The human CD66 antigens CD66a, b, c, e belong to the family of carcinoembryonic antigen–related cell adhesion molecules (CEACAM). They are involved in numerous cellular processes, including cell adhesion, activation, proliferation, differentiation, survival, and apoptosis. CD66a (also known as CEACAM1, BGP, NCA-160, and C-CAM) is expressed by certain epithelial, endothelial, and hematopoietic cells. Among leukocytes, it is highly expressed on neutrophils. Upon activation, cell surface expression of CD66a is upregulated on various leukocytes, including granulocytes, T cells, and NK cell subsets. CD66b (CEACAM8, NCA-95, CGM6) is also expressed on granulocytes, CD66c (CEACAM6, NCA-50/90) is found on on granulocytes and epithelial cells. CD66e (CEA, CEACAM5) is over-expressed in certain tumors of epithelial origin.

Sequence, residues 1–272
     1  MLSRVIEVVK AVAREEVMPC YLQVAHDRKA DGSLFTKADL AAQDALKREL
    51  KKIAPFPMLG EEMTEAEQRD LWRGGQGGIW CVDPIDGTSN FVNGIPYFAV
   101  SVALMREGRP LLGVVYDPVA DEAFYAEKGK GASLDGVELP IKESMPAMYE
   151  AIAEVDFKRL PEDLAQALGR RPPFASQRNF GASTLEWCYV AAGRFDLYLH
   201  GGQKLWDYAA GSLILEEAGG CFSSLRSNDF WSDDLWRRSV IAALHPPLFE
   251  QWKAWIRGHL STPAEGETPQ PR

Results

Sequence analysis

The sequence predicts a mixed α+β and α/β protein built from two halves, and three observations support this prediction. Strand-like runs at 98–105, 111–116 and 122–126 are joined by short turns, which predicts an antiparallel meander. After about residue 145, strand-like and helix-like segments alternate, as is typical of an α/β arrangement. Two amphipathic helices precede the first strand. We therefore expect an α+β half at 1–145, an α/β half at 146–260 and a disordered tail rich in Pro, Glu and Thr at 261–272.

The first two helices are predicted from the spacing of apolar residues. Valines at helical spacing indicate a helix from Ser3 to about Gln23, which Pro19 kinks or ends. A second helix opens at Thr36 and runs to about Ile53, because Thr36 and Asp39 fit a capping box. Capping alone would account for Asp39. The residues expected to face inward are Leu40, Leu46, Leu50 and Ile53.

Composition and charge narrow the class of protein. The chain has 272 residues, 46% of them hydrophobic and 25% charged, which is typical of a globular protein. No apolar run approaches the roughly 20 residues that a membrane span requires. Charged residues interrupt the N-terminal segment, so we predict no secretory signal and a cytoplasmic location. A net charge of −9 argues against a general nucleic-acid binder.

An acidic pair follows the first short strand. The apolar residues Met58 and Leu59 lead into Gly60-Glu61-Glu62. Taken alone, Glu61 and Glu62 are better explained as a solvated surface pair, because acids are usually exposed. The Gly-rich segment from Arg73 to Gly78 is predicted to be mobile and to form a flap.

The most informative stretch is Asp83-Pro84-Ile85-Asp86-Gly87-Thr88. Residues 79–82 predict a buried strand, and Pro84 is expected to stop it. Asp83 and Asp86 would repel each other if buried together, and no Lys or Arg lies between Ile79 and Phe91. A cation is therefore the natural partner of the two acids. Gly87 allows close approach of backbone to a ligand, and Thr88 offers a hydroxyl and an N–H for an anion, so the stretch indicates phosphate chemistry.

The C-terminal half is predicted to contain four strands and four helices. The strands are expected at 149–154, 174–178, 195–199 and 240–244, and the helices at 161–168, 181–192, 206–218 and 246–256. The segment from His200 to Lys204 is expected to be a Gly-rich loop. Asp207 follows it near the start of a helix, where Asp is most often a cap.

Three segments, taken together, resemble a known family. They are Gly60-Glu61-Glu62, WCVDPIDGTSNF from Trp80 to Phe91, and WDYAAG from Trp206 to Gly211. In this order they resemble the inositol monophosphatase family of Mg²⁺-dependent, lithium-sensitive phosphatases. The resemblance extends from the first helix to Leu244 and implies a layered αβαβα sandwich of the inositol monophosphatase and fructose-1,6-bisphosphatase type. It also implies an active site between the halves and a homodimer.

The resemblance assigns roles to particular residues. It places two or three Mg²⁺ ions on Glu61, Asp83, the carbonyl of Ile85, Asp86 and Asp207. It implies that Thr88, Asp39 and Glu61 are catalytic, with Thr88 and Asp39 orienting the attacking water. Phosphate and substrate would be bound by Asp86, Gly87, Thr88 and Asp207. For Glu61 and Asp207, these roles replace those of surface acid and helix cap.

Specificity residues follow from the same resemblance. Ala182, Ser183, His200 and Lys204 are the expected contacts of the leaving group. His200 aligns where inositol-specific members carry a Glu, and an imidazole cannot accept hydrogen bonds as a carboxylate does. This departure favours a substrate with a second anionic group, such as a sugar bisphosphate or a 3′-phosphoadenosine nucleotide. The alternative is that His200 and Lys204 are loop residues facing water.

Neutrophils play a prominent role in the innate immune response through their phagocytic activity. They are abundant in peripheral blood but almost absent in healthy tissue. Upon infection, large numbers of neutrophils are recruited to the sites of inflammation.